ATHENS – After backing away from a pledge to consider mandatory vaccinations if the COVID-19 pandemic worsened in Greece, Prime Minister Kyriakos Mitsotakis said a lockdown that worked initially wasn’t the answer this time.
Defending his move not to shut down non-essential businesses again as he has made an economic recovery his priority, he said it wasn’t necessary because now there is a vaccine – although rabid anti-vaxxers refusing it are spreading the virus.
He said a lockdown wouldn’t be fair to the 61 percent of the country’s population of 10.7 million people who are fully protected without explaining why he won’t extend mandatory shots to other than health care workers, the only ones now who must comply.
“I do not think the pandemic is over. We are facing a fourth wave which primarily concerns the unvaccinated,” he told Mega TV without indicating why he won’t order mandatory shots.
Instead, his New Democracy government has opted for half measures under which the unvaccinated wouldn’t be allowed to go into most public gathering places such as restaurants although there’s been lax enforcement of that before.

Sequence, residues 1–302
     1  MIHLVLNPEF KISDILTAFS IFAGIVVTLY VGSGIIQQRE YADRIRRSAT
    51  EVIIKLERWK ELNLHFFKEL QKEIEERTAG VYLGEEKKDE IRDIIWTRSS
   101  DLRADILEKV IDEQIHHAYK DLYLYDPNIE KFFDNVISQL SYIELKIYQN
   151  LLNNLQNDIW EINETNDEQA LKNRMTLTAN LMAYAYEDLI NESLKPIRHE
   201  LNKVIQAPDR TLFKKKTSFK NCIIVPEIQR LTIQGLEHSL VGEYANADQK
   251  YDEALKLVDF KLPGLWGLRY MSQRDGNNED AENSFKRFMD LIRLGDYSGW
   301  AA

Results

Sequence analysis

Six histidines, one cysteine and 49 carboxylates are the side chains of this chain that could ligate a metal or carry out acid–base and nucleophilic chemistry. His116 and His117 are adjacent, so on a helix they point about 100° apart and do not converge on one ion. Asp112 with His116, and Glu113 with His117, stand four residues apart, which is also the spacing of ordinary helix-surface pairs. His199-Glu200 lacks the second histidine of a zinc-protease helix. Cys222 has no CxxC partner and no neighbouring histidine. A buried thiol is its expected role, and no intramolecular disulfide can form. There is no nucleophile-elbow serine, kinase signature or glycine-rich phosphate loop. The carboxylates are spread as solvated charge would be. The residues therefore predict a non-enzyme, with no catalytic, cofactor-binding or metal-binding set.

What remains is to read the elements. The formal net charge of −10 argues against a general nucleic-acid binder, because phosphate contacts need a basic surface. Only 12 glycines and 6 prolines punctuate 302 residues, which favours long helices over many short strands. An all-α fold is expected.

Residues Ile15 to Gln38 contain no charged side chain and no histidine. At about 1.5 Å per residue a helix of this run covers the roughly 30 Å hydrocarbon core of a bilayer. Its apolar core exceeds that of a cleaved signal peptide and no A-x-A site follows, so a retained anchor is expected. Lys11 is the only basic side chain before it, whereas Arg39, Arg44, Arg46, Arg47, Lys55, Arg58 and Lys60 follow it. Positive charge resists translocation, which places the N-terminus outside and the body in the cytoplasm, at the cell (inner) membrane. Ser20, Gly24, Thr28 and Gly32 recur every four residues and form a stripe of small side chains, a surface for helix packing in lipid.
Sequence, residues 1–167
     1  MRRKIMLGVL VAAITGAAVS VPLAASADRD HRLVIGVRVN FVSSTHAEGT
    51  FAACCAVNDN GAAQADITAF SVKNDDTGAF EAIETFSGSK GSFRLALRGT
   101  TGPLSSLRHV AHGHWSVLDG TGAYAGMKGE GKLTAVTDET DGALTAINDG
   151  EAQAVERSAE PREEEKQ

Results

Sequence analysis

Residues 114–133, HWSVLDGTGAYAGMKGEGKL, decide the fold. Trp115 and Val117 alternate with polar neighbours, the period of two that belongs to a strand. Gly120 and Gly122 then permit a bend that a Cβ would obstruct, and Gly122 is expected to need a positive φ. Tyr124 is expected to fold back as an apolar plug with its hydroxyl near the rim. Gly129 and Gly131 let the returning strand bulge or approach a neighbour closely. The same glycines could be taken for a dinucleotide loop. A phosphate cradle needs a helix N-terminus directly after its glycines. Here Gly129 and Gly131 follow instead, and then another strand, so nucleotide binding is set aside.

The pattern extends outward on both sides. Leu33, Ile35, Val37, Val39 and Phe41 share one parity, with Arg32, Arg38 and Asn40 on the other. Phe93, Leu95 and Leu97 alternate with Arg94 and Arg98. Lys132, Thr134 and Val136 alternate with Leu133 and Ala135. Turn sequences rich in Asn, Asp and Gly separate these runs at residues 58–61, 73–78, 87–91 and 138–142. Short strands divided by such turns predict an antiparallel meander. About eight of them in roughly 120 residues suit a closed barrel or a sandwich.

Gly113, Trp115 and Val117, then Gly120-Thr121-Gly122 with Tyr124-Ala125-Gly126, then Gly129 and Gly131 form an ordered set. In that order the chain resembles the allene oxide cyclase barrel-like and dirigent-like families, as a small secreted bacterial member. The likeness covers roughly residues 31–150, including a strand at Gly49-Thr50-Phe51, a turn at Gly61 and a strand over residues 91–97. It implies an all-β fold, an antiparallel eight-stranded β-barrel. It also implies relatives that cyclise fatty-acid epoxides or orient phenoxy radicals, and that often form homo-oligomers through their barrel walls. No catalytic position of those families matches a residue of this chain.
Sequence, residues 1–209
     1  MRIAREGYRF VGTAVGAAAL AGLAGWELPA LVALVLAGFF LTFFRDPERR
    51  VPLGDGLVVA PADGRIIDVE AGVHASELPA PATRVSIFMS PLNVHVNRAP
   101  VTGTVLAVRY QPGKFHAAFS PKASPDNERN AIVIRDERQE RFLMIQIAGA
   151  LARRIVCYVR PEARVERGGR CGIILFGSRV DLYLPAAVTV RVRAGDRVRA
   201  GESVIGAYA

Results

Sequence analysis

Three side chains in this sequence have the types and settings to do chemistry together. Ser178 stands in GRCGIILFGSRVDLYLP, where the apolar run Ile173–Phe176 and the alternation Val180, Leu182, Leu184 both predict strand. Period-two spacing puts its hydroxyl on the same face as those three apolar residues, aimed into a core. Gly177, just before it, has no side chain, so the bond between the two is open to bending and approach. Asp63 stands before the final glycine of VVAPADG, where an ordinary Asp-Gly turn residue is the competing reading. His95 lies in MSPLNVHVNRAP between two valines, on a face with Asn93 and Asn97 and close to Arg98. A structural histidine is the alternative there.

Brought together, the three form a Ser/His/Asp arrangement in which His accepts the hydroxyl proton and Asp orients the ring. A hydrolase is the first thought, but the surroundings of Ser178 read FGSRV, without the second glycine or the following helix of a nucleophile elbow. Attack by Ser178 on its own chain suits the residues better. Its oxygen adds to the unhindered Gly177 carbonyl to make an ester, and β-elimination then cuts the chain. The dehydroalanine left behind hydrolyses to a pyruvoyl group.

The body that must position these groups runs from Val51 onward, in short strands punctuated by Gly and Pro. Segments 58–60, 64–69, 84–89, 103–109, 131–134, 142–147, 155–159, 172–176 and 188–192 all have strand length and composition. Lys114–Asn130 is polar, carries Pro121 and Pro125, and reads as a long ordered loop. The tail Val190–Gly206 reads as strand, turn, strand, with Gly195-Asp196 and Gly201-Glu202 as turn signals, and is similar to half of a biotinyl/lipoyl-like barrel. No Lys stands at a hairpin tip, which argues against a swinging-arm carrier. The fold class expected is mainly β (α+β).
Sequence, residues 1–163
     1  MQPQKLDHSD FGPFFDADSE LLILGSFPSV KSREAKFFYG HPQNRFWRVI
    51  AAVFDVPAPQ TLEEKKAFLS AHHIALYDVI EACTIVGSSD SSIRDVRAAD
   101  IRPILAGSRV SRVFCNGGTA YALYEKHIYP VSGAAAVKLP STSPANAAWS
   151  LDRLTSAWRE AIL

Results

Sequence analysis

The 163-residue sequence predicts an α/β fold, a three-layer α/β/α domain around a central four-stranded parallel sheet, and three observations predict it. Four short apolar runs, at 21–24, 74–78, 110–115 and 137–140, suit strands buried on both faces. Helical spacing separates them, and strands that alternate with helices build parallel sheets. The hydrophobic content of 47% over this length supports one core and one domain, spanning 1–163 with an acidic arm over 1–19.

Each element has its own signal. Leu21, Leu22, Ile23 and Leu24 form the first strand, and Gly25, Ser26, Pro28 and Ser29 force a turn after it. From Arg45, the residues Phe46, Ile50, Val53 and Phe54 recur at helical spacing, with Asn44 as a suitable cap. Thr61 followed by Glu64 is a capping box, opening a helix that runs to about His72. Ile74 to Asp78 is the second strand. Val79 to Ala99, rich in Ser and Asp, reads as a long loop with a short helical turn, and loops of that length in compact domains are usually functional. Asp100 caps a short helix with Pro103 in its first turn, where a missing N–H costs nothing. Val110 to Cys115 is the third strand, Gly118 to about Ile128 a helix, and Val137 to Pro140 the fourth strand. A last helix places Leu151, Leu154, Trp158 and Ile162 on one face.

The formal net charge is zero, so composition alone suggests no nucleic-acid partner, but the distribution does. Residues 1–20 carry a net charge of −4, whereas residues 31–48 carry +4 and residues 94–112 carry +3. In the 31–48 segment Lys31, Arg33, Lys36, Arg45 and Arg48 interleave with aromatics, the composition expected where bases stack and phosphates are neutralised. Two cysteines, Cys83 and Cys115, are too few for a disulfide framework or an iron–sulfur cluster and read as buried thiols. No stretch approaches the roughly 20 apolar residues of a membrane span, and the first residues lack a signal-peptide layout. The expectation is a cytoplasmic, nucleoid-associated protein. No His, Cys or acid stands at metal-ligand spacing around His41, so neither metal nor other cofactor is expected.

“Now that we have the vaccine, we are not going to go into lockdown. I’m adamant for the simple reason that at the moment three in four have done the right thing and it would be unfair to impose restrictions at a huge cost to tackle a minority problem today,” he said.
His government, however, has exempted churches from requirements to check those entering for negative COVID tests as is being required for other spots, a move which drew criticism from the major opposition SYRIZA Leftists.
Mitsotakis said there was often no one at the entrances to churches, so controls would be difficult without explaining why his government wouldn’t simply require there be a monitor. He said shots won’t be required for the police or army either.
International conferences like the 2021 United Nations Climate Change Conference (COP26) offer the only opportunity for all countries to get together and assume commitments to reducing greenhouse emissions, Mitsotakis said.
He also underlined that Greece’s green transition “will not be shouldered by the Greek people,” and that more and better jobs will be shortly created in western Macedonia, where lignite production is being phased out.
Mitsotakis said the rise in prices was a global phenomenon and that inflation was expected to drop as of the start of 2022. The government, he noted, will spend a total of over 500 million euros to help restrain electricity prices. Without this, the bills would have increased tenfold, he added.
As of January 1, 2022 the minimum wage will be raised by 2 percent, while he is determined to introduce a second one within 2022, after real numbers and business resilience are taken into account.